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ANALYSIS:

With a conviction rate of just 2%, improving crime reporting and arrest rates are key to US police reform

SHIMA BARADARAN BAUGHMAN

While a significant proportion of the American public are calling for police reform, more than half of all major crime in the US still goes unreported, and police only make an arrest in around one in five of those cases; Professor Shima Baughman of the University of Utah argues that truly improving policing will require those two gaps to be addressed.

As Americans across the nation protest police violence, people have begun to call for cuts or changes in public spending on police. But neither these nor other proposed reforms address a key problem with solving crimes.

In reality, about 11% of all serious crimes result in an arrest, and about 2% end in a conviction. Therefore, the number of people police hold accountable for crimes is very low.

My recent review of 50 years of national crime data confirms that, as police report, they don’t solve most serious crimes in America. But the real statistics are worse than police data show. In the US it’s rare that a crime report leads to police arresting a suspect who is then convicted of the crime.

The data show that consistently over the decades, fewer than half of serious crimes are reported to police. Few, if any arrests are made in those cases.

In reality, about 11% of all serious crimes result in an arrest, and about 2% end in a conviction. Therefore, the number of people police hold accountable for crimes – what I call the ‘criminal accountability’ rate – is very low.

Many crimes aren’t reported

Police can only work on solving crimes they are aware of, and can only report statistics about their work based on criminal behavior they know about. But there is a huge slice of crime police never find out about.

By comparing surveys of the public with police reports, it’s clear that less than half of serious violent felonies – crimes like aggravated assault and burglary – ever get reported to the police.

Real arrest rates

In 2018, the rate of arrest for serious felony crimes reported to police was about 22%. But because twice as many crimes happen as the police are told about, the arrest rate for all crimes that happened was half what police reported – just 11%.

Police solve very few serious crimes

The official percentage of serious crimes where a person is actually convicted is even lower, though data is hard to confirm. The Bureau of Justice Statistics has not reported national conviction rates for serious crimes since 2006 – but in that year, out of all serious crimes reported to the police, only 4.1% of cases ended with an individual convicted in the wake of a reported crime.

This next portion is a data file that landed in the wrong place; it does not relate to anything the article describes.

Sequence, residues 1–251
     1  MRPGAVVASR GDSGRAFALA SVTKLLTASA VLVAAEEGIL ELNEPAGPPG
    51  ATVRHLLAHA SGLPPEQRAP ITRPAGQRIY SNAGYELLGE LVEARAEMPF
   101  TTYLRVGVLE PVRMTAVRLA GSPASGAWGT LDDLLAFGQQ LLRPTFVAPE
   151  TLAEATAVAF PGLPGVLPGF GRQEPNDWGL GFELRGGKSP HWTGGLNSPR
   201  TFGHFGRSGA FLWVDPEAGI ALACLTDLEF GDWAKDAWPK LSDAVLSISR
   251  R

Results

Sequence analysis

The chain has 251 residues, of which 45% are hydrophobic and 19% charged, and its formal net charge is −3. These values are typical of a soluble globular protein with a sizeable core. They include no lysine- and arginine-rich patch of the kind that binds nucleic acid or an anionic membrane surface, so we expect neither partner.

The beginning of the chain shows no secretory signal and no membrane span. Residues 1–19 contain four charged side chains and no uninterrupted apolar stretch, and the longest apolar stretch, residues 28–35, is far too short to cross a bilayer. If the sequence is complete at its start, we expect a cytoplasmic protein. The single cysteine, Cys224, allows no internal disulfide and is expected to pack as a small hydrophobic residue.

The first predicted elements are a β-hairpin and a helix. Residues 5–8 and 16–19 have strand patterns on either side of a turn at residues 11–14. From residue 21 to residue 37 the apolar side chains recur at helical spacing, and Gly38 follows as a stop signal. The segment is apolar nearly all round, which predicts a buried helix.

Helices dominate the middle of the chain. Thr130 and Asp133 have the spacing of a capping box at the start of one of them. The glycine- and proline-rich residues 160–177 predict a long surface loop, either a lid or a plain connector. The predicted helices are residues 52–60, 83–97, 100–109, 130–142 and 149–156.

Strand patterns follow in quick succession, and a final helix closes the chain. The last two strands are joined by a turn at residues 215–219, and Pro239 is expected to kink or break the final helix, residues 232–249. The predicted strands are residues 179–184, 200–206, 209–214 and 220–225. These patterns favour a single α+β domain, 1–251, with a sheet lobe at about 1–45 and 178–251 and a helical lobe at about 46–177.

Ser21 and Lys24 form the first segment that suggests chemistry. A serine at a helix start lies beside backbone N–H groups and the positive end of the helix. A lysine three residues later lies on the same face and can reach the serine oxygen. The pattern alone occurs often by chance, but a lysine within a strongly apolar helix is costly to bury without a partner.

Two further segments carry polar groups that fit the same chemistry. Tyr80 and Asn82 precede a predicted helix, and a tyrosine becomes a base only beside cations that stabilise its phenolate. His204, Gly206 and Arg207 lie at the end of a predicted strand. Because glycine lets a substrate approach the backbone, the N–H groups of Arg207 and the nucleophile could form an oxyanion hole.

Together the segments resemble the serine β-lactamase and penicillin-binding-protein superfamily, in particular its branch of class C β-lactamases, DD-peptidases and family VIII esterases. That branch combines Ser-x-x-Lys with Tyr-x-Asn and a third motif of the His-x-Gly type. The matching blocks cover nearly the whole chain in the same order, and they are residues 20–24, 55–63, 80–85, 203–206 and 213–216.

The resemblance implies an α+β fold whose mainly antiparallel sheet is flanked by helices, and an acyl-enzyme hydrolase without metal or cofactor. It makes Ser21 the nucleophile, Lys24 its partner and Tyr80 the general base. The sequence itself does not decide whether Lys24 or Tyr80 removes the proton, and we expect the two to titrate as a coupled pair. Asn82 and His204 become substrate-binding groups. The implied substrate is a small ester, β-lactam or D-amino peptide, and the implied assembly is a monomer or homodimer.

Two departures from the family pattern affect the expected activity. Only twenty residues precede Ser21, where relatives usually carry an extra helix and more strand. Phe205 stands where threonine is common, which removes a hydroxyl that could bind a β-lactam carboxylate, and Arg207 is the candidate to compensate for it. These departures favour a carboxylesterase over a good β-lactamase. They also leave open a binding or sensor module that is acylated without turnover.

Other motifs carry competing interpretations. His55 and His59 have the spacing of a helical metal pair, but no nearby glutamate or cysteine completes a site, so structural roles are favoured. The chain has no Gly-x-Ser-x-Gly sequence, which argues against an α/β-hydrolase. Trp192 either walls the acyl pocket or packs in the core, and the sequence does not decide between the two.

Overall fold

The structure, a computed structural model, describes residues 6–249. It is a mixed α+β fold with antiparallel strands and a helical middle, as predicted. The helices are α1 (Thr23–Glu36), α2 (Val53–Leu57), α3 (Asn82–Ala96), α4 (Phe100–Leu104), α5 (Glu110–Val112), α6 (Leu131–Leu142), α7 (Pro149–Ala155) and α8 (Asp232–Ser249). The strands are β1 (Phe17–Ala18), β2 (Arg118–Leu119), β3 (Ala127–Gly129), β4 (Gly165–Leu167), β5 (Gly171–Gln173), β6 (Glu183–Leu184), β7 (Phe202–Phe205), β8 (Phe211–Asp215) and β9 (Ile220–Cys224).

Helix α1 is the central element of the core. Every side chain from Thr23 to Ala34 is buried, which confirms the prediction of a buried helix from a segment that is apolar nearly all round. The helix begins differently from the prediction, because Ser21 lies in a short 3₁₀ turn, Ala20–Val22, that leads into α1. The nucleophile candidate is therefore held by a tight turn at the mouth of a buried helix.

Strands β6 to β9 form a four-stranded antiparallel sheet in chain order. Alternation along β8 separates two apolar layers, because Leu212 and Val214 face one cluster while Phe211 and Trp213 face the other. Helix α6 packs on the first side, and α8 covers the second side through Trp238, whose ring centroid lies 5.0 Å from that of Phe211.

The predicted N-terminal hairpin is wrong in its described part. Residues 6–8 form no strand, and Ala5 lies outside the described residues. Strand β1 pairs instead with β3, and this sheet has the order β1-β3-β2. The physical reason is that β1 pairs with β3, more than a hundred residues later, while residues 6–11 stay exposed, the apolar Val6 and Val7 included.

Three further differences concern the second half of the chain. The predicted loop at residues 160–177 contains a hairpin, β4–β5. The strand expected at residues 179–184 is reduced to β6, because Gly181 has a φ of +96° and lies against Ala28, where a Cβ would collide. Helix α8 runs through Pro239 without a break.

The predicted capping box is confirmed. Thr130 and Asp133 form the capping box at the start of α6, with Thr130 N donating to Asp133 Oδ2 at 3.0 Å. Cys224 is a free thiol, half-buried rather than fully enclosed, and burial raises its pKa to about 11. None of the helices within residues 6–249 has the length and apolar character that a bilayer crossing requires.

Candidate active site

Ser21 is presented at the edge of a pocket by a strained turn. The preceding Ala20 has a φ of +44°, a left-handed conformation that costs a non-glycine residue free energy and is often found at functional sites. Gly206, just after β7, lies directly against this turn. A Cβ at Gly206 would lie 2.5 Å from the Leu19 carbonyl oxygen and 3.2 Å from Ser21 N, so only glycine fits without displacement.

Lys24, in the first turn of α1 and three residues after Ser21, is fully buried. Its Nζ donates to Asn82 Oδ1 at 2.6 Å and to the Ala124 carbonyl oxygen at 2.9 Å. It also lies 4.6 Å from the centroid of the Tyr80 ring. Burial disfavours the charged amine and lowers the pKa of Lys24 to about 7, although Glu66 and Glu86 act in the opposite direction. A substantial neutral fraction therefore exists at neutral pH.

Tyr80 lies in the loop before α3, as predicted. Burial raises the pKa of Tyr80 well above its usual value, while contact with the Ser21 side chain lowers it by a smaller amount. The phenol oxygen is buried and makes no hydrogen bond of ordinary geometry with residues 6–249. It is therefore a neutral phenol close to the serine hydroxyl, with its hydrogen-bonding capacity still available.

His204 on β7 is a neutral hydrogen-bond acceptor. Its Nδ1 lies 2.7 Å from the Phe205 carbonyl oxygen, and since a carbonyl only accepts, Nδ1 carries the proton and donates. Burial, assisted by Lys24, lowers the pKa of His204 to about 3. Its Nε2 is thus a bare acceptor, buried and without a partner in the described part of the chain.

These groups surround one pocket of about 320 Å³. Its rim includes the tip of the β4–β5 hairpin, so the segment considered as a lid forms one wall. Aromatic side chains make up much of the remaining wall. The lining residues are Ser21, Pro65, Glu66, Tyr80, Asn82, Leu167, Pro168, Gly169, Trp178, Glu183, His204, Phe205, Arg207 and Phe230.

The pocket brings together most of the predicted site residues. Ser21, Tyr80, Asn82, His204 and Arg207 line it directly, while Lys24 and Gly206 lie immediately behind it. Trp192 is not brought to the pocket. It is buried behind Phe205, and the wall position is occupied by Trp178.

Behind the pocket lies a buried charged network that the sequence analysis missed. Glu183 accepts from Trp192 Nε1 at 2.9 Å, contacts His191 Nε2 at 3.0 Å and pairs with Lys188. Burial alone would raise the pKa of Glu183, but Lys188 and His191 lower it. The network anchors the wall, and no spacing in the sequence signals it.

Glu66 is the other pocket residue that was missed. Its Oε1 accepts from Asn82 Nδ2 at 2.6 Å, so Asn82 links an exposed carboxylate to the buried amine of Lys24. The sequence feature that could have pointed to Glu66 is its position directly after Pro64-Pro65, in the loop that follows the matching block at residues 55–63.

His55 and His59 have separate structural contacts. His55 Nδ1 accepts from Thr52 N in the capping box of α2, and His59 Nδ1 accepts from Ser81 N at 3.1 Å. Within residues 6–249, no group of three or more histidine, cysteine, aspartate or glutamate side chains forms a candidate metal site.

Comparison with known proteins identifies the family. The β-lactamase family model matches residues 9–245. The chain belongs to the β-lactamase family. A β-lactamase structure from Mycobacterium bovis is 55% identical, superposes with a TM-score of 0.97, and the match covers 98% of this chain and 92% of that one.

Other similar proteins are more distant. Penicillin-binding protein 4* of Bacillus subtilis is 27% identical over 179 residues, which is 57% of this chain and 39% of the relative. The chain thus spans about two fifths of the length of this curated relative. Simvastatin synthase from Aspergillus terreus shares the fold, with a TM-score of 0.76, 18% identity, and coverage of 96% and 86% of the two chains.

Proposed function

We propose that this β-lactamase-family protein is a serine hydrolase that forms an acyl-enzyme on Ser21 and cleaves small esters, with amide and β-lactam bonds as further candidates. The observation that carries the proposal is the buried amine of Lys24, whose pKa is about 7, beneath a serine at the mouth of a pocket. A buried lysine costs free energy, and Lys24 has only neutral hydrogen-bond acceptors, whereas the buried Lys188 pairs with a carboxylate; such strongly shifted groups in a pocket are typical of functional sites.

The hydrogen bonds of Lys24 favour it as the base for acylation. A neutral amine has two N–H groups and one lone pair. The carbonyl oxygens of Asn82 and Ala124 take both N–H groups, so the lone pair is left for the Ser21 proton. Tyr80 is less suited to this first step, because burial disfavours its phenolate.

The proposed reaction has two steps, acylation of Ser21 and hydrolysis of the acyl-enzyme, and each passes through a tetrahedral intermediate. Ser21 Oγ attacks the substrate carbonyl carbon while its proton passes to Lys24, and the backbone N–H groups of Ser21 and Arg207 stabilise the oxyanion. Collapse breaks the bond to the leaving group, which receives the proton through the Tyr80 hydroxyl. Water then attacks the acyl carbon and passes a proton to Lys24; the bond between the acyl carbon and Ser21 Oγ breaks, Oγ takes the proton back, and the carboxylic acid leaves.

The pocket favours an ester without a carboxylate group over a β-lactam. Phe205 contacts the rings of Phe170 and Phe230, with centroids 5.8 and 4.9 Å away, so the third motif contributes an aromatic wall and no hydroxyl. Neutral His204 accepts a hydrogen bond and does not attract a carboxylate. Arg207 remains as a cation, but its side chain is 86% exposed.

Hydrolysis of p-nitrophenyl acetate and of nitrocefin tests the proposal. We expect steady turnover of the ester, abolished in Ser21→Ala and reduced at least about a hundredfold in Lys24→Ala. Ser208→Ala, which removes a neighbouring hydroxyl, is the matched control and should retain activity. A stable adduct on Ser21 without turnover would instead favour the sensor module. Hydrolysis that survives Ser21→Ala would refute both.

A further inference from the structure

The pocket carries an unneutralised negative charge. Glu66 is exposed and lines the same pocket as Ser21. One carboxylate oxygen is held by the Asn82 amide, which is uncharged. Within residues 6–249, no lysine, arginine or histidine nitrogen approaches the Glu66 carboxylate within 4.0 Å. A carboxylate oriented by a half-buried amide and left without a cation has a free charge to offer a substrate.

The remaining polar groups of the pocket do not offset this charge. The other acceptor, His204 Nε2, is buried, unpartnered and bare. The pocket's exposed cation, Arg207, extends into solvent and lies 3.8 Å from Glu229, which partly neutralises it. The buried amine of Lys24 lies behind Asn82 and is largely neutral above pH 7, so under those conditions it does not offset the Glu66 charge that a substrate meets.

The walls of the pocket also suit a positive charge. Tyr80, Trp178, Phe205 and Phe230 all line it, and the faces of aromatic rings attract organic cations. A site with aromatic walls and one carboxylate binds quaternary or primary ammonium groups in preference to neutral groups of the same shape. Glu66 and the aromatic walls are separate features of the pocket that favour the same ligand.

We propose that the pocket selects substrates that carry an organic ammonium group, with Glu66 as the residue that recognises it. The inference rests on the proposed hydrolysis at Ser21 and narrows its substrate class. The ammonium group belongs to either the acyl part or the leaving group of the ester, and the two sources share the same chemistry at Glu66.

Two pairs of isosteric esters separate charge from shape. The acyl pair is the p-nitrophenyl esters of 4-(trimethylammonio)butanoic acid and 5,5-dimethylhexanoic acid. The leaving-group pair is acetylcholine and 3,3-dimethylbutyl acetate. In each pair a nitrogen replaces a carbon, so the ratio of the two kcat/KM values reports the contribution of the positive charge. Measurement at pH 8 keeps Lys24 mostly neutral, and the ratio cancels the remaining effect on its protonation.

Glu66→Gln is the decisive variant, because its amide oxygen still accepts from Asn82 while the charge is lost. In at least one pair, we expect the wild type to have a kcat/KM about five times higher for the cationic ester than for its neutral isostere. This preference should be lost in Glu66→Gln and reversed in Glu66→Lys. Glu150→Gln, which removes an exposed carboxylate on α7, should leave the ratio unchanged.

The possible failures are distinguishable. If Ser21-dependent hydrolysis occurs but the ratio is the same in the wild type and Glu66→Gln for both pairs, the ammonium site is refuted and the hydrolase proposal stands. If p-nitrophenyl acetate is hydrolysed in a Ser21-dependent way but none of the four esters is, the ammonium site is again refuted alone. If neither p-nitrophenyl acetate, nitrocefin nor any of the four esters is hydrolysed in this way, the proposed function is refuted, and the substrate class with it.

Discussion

Again, taking into account the fact that twice as many crimes happen, the national conviction rate in 2006 was actually closer to 2%.

Resolving crimes without arrests

There are ways police resolve conflicts and crimes without arresting people – for instance, by mediating neighborhood disputes and directing wayward young people to social services and community programs. But so long as police departments measure success by arrests, that won’t happen more widely.

When considering approaches to police reform, it’s important to remember that Americans still don’t report about half of major crimes – and police don’t solve very many of the cases that do get reported. Truly improving policing will require addressing these two gaps.

This article is republished from The Conversation under a Creative Commons license. Read the original article.


One Response to “With a conviction rate of just 2%, improving crime reporting and arrest rates are key to US police reform”

  1. davidbfpo davidbfpo says:

    A pity the author takes a national viewpoint as I am sure there are significant differences between states and jurisdictions. After Hurricane Katrina hit New Orleans in 2005, leading to a massive population exodus, the New Yorker magazine (from memory) reported the shock of those who migrated into cities in Texas – where the arrest rate and conviction rate was so much higher than home, so they went back.

    The author cites a 2% detection rate for burglaries, let us not overlook the police here four decades ago claimed a 12% detection rate – which was inflated by custodial “write offs” with the Home Office’s connivance. When that process was stopped the detection rate dropped to 3%.

    In my first-hand observations of American policing, now many years ago, it was abundantly clear ‘order’ came before ‘crime control’. They would not arrest shoplifters for small amounts, just give the suspect a summons and the store would have to prove the offence. Plus they were honest with those reporting if there were lines of investigation and if the report would be investigated – something that a long time to arrive here.

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